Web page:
Top kids’ camping activities
The family camping holiday is a staple of Kiwi life. Packing up everything but the kitchen sink and heading off to the beach, river or countryside has created memories for many of us over the years.
While taking kids camping can be a lot of work, the rich experiences are worth it. Finding fun kids’ camping activities for them outside of their usual comfort zone and environment is part of the enjoyment. But if you’re running short on ideas, check out our picks for top kids’ camping activities:
1) Learn how to build a campfire
Obviously there are safety aspects around this. Close adult supervision is needed, as well as a prior check to make sure your planned campfire is permitted and in a good spot, taking into account proximity to objects such as tents, availability of water or a fire extinguisher, and the wind direction. However, it is a great skill for children to learn.
First, collect materials. River stones make a great border around a fire-pit, or find other rocks. Dry moss and leaves can be used to start the fire, then add small twigs as it catches (but not snapped off a tree, or “green” as they’ll be wet inside.) You always want air to be able to travel up through the fire, so place sticks in a criss-cross shape leaving gaps, and don’t be tempted to build a great big pile.
Keeping your wood to one side and adding it gradually ensures you’ll keep the fire at a manageable level. If you want to cook on it, you need to let the flames die down and allow hot ash and embers to build at the bottom, as this is where the best cooking happens. Don’t forget to fully extinguish your fire before leaving the area or going to bed.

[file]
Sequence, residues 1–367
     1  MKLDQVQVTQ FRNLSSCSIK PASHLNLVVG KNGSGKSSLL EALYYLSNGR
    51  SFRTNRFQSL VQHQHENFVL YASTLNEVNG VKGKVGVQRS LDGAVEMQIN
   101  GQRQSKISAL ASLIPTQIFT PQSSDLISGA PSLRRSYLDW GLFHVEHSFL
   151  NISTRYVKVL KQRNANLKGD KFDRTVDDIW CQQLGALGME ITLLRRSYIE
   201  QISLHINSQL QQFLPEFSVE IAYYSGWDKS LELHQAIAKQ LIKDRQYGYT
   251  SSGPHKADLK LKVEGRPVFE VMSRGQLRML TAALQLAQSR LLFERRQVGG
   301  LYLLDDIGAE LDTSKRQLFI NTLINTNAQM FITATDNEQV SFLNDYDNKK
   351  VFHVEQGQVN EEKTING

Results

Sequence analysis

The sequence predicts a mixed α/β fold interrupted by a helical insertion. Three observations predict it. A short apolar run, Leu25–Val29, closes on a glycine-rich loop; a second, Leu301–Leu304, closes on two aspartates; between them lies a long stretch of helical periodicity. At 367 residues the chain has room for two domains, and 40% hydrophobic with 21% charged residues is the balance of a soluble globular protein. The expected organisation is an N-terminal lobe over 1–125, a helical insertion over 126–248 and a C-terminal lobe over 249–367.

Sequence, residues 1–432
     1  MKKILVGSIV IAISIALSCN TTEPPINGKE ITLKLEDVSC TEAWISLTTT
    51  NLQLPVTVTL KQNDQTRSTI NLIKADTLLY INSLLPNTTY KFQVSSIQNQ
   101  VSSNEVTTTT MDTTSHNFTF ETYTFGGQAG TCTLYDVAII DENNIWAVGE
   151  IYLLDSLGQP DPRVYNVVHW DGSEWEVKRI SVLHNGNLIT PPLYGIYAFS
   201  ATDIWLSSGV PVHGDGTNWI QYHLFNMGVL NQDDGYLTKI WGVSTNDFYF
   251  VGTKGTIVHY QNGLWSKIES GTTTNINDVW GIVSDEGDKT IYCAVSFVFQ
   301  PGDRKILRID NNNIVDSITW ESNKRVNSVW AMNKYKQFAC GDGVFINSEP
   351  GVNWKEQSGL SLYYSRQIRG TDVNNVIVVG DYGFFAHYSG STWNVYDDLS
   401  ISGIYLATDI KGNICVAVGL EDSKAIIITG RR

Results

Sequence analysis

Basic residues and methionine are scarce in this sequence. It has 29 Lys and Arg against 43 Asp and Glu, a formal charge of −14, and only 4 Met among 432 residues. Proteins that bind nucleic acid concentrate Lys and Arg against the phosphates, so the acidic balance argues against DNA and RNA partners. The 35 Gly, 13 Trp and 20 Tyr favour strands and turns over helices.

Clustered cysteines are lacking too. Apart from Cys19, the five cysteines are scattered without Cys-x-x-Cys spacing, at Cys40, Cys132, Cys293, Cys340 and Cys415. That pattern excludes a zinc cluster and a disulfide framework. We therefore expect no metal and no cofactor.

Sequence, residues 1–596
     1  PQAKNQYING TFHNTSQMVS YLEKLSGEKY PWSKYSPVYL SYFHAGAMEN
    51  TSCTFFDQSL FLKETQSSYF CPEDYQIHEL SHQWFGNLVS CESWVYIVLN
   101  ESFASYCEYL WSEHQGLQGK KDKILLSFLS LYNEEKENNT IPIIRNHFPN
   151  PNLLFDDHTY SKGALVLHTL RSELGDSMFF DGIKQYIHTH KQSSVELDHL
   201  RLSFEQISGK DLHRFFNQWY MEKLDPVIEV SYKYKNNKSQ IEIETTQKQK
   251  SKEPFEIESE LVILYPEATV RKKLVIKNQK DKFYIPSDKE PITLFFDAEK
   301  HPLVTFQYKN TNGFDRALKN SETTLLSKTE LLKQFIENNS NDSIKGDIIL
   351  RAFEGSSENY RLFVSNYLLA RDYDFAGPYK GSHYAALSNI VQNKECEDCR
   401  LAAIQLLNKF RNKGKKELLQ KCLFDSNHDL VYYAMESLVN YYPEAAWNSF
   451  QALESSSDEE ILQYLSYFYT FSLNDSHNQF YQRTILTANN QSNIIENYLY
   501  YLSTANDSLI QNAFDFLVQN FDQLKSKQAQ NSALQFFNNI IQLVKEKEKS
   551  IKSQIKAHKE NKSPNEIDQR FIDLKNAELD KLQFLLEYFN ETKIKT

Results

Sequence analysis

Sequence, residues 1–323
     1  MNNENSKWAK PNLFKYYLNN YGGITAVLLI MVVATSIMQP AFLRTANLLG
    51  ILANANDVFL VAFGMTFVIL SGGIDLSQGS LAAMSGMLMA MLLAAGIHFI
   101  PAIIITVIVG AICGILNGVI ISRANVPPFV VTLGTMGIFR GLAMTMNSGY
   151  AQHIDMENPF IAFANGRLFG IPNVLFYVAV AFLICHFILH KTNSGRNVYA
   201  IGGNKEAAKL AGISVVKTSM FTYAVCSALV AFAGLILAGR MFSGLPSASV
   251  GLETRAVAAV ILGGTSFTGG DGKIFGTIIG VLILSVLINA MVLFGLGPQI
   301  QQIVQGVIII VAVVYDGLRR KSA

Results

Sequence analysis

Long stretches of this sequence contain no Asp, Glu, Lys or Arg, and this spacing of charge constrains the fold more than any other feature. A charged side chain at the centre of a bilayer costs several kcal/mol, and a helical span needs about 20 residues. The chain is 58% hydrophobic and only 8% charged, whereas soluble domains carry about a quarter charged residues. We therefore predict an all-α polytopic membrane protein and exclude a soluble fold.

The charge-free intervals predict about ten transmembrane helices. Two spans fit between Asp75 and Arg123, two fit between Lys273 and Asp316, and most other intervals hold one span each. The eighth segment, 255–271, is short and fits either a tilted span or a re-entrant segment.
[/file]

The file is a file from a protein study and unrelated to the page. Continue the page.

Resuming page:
Of course toasting marshmallows is a given if you have a campfire, but there are other ideas kids can make themselves or get involved in.
Campfire calzone is a great camping meal that kids can make themselves. Take two slices of bread and add favourite savoury fillings, such as salami, ham, pineapple and cheese. Wrap it all tightly in foil and cook in the embers of the fire. You could also try making baked potatoes.
Ants-on-a-stick doesn’t involve cooking and is a fun snack younger children might like to make while camping. Spread celery sticks with peanut butter and dot raisins along the top to be the “ants.” They could also make their own customised scroggin for taking on day trips or walks. Help them choose seeds, nuts, raisins and chocolate chips and mix to their liking.
A scavenger hunt is a great way to collect natural treasures such as leaves, petals and feathers, which can then be used for camp crafts. Press flowers in a book to take home, or make a vase to put wildflowers in by standing twigs around the outside of a jam jar, fixing in place with a couple of elastic bands and decorate with a ribbon tied around. Perfect rustic charm for your camp al fresco dining area! Other ideas can be found at websites like www.freekidscrafts.com and on Pinterest.
For a more high-tech activity, you could try geocaching. It’s a kind of treasure hunt using the GPS on a smart-phone to navigate and find “caches” hidden by others. Amazingly, they seem to be all over the place, so log onto a geocaching website before you leave home and see if there is one near your camping spot: www.geocaching.com explains it all.
Whatever you decide to do on your camping trip, remember to make it relaxed and fun – after all, this is the stuff memories are made of.
By Sadie Beckman
Planning a summer family camping trip? Get some great tips here.